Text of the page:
The oil and gas industry was among those hit hard by the coronavirus pandemic in 2020. According to Heinz P. Bloch, a regular contributor to Pumps & Systems, he noted that it “made manpower planning difficult.”
Bloch said that industry recovery is slower than was originally predicted in mid-2020, adding that vaccines will help, but effects of mutations are difficult to predict.
Ryan Chan, CEO of Upkeep Technologies, said in his company’s 2021 State of Maintenance Report, a survey of more than 1,000 professionals said the top concern was facing a reduced budget. The survey found 64% of teams reported only slight changes affecting their maintenance budgets as a result of the pandemic, but not in the oil and gas industry.
“Our findings confirmed that the global pandemic has significantly impacted the oil and gas industry due to the drastic drop in transportation and travel around the world,” Chan said. “According to the World Bank, nearly two-thirds of crude oil is used for transportation. As a result, crude oil demand, along with prices, tumbled to historic lows.”
The industry could shift under President Joe Biden. On Jan. 27, Biden issued a broad moratorium on oil and gas leases on federal land and waters.
According to spglobal.com, the moratorium represents a pause on new oil and gas leasing “to the extent possible” and also initiates a new review of existing fossil fuel leasing and permitting practices.
Biden said on Jan. 27 that he would not ban fracking. The moratorium will not affect leases already signed, and bigger producers have large inventories of untapped well drillings. But the move could still push the industry to shift its focus away from federally controlled regions such as New Mexico’s Delaware Basin, the Rocky Mountains and much of the deep water Gulf of Mexico, according to spglobal.com.
Bloch said that, as a result of the new presidential administration, “those putting brainpower into renewable energy will come out ahead in the long run.” He noted the importance of adapting new technologies.
“Best available application of reliability-focused components and machines are known, but not universally practiced,” Bloch said. “Those who fall into the trap of always finding shortcuts or circumventing science are likely to again experience disappointment.”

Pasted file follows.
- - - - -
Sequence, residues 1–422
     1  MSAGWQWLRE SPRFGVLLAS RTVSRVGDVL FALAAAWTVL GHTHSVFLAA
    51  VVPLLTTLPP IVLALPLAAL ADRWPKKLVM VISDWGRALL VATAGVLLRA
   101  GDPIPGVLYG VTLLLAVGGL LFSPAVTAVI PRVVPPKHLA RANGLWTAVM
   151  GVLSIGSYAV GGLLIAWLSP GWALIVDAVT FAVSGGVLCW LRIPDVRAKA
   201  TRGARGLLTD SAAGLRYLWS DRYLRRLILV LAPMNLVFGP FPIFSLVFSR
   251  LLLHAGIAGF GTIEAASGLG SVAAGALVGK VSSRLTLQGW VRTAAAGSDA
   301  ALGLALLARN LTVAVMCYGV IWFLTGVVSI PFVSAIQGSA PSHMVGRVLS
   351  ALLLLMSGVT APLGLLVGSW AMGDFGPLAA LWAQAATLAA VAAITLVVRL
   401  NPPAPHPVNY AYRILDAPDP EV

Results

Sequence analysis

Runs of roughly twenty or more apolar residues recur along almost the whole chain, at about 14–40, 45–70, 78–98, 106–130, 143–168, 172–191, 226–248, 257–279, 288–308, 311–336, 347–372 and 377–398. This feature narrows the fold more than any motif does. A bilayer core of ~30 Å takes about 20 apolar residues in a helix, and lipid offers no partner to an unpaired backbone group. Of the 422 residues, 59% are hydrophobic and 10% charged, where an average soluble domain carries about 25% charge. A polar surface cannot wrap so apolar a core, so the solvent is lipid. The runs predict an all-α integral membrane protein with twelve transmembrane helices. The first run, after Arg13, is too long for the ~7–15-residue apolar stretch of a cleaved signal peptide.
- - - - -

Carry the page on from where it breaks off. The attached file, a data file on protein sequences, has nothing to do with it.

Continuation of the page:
Chan said one of the biggest challenges facing the industry is the uncertain demand for crude oil. However, while uncertainty is daunting, embracing new challenges could lead to more jobs.
“We’re in the middle of a shift toward embracing remote technologies that allow workers to complete their jobs more efficiently with more accuracy,” Chan said. “We found in our survey that COVID-19 has accelerated the digital transformation in maintenance and reliability. Sixty-six percent of participants we surveyed reported using a CMMS (computerized maintenance management system) to track the status of work orders. Expect to see more digital innovation in the upcoming year in the oil and gas industry. While new technologies like remote condition monitoring and IIoT (industrial internet of things) devices might be unfamiliar at first, ultimately they allow the global workforce to become more specialized in their roles and make more data-driven decisions.”
Once people start to feel safe, the industry should pick back up.
“I’m hopeful that as soon as it is safe, people will want to see their friends and loved ones, which will increase the demand for resources necessary to travel, which includes oil and gas,” Chan said. “With increased transportation, we will see the industry gradually recover. Following the 1920 pandemic, we saw an unprecedented economic boom, with the rise of the automobile and mass manufacturing. I’m hopeful that the oil and gas industry will also adapt with new technologies and experience growth, as we recover from the COVID-19 pandemic.”